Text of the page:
Horrific Limerick nightmare draws to a close for those left behind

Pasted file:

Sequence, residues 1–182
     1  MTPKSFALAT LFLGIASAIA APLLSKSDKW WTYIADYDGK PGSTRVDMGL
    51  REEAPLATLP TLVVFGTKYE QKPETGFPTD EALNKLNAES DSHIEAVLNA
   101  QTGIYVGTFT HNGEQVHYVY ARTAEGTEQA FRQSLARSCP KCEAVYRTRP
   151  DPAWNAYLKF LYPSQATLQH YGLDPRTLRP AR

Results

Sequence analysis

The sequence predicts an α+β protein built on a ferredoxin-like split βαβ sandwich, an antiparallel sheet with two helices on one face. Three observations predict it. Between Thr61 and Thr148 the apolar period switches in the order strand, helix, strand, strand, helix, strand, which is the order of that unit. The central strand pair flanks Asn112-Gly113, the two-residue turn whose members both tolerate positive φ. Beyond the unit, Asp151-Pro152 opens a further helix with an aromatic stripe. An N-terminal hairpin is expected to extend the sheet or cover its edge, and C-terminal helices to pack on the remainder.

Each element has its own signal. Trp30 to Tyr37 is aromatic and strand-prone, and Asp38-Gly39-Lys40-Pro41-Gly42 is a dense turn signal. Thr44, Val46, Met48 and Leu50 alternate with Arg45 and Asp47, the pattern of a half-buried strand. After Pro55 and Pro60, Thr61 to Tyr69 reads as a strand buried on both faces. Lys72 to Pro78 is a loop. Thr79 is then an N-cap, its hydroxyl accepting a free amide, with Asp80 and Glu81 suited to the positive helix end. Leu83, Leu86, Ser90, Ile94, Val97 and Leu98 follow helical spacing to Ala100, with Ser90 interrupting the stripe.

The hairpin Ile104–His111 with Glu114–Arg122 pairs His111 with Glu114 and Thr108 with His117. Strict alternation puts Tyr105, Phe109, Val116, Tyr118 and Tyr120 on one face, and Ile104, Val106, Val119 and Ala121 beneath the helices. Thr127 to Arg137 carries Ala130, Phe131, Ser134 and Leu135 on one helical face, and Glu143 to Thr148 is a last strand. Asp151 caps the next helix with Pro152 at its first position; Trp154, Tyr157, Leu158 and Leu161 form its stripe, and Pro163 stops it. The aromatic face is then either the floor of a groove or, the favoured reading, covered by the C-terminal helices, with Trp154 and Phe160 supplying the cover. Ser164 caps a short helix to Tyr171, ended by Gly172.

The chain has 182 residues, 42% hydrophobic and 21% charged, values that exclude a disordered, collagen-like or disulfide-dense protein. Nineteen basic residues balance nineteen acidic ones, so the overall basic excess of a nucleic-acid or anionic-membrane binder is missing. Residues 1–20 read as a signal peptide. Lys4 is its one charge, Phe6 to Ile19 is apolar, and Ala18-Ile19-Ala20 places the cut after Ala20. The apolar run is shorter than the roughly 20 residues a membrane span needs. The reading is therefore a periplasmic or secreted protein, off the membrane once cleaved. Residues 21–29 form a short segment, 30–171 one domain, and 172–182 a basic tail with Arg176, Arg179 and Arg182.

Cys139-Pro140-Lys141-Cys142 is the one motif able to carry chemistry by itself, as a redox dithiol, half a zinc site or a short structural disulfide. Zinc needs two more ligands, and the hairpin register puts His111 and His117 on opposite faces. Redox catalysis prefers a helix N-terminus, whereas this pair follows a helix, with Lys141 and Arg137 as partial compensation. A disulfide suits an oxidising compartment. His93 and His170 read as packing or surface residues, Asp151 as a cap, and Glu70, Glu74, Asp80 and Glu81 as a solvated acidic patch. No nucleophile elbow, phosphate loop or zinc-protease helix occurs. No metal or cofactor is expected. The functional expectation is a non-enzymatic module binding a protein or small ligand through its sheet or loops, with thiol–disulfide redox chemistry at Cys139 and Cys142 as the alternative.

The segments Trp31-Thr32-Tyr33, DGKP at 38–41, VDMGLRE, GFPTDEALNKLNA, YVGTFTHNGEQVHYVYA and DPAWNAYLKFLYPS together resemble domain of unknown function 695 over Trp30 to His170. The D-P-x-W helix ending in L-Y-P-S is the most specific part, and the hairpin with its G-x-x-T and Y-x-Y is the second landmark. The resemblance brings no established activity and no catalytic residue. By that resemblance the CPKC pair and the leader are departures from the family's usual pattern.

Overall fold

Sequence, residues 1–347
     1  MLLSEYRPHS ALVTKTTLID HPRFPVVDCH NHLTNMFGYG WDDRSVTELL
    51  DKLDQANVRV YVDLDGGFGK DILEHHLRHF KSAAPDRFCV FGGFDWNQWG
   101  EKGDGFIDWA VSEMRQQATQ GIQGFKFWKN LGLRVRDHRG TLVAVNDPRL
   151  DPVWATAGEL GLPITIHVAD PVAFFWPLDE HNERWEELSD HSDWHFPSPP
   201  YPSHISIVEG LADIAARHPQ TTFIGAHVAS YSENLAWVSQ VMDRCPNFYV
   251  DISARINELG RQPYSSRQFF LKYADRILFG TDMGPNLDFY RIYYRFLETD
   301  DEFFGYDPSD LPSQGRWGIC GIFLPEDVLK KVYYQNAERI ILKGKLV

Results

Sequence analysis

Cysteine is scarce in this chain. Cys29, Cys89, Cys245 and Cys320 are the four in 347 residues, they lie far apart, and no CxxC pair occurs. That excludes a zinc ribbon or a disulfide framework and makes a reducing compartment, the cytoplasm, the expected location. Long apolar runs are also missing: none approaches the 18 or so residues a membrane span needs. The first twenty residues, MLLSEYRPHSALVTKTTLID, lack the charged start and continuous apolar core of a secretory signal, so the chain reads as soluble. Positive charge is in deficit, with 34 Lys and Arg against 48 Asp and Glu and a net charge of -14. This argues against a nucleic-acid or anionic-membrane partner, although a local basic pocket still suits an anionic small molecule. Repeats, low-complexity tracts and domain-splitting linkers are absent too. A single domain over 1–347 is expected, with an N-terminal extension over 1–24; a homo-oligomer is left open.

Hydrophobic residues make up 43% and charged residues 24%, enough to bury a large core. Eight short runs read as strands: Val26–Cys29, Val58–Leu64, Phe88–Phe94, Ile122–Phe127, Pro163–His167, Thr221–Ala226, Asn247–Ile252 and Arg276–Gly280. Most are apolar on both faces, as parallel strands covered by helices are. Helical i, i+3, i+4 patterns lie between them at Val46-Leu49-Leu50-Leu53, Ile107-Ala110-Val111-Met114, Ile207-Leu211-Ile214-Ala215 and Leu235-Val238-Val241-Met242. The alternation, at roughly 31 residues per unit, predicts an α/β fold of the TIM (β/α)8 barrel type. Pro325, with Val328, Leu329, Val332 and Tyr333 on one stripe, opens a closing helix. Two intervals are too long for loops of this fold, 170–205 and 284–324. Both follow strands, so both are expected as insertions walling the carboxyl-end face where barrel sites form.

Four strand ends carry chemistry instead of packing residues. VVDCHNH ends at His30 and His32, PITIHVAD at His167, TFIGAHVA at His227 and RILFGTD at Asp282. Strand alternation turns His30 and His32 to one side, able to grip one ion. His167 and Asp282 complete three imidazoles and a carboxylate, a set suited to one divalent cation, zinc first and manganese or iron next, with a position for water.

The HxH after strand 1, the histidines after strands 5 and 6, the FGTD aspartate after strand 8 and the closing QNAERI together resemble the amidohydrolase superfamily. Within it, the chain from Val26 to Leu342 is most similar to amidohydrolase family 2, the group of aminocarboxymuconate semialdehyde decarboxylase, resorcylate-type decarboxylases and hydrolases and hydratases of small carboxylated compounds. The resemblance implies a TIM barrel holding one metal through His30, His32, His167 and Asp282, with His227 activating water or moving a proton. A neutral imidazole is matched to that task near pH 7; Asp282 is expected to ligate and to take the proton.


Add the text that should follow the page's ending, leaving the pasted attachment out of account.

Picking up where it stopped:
first_imgTwitter TAGSAskeatonJulia Holmeslimerickthomas ruttle Previous articleLimerick inquest told of suicide pact as past caught up with fraudsterNext articleFestival of fire and water Staff Reporterhttp://www.limerickpost.ie Limerick’s National Camogie League double header to be streamed live Predictions on the future of learning discussed at Limerick Lifelong Learning Festival NewsHorrific Limerick nightmare draws to a close for those left behindBy Staff Reporter – April 29, 2016 1102 Facebook Advertisement Email Linkedincenter_img Billy Lee names strong Limerick side to take on Wicklow in crucial Division 3 clash RELATED ARTICLESMORE FROM AUTHOR Limerick Artist ‘Willzee’ releases new Music Video – “A Dream of Peace” Print WATCH: “Everyone is fighting so hard to get on” – Pat Ryan on competitive camogie squads Pauline Knight speaking to the Media at Newcastle West Court House after in inquest into the death of Thomas Ruttle and Julia Holmes in Askeaton, Limerick in 2015Picture Credit Brian Gavin Press 22THE HORRIFIC nightmare that two teenage boys woke up to on May 18, 2015 is finally at an end after details of the gruesome circumstances surrounding their father’s death in Limerick were read out at a coroners court.Ian Knight (18) and his brother Kelvin (15), sat side by side at Newcastle West coroner’s court during the inquest hearing into the deaths of Thomas Ruttle and his partner Julia Holmes.Coroner, Antoinette Simon said she hoped the hearing would bring closure to the two boys and the extended family.Sign up for the weekly Limerick Post newsletter Sign Up Their father’s death had become a national obsession after his body was found alongside that of the serial fraudster who had seemingly coerced him into ending his life in a bizarre suicide pact that she felt was the only way to bring an end to the international police hunt that was closing in on her.How the well regarded Thomas Ruttle, a gifted carpenter, mechanic and beekeeper, ended up with Julia Holmes is still a mysteryShe had up to 40 known aliases. She served time in a US penitentiary. She was the subject of an FBI probe. She was on the PSNI wanted list after she jumped bail on an £18,000 fraud and the Gardai were also on her trail.The manner in which the Ruttle and Knight families endured their own nightmare was a testament to their dignity and decency.Intimate details of the life and death of Thomas Ruttle were laid bare in the cold surrounds of a West Limerick courthouse.Julia Holmes may have died alongside Thomas Ruttle, but she was very much on her own in the memory of those she left behind. There was no one to claim her remains. No family members attended the inquest in to her death.They were left behind when she abandoned her only son 40 years ago when he was just an infant.Speaking after the coroner’s verdict, the grandparents of Mr Ruttle’s teenage sons said they hoped the inquest may bring some sort of closure to what has been an horrific period in their lives.Ted and Pauline Knight, whose daughter Lian was previously in a relationship with Thomas Ruttle, said they hoped their grandsons would be able to rebuild their lives.“I think they were in shock and today I think clarified a lot of stuff for them. I think now they understand things a little better than they did I think, and they can get on with their lives now,” Mr Knight said.The couple, who ran a marina in Dromineer, Co Tipperary, described Thomas Ruttle who previously worked for them, as a “quiet man”.“He was a carpenter and he was a mechanic and he had wonderful hands. He was a very quiet unassuming man – an absolute gentleman,” he said.When asked how Mr Ruttle had been taken in by Julia Holmes, he replied: “They owed a lot of money, we hear that, we don’t know”.He said they never met Julia Holmes “thanks be to God”.It is understood that Mr Ruttle had become estranged from his family when he began his relationship with the 63-year-old fraudster.“We never wanted to meet her,” they said.Leaving the court house the grandparents said their focus was now on their grandsons and helping them close what has been undoubtedly a very difficult chapter in their young lives.“Hopefully this will close it for them”, Mr Knight said. WhatsApp Limerick Ladies National Football League opener to be streamed live last_img read more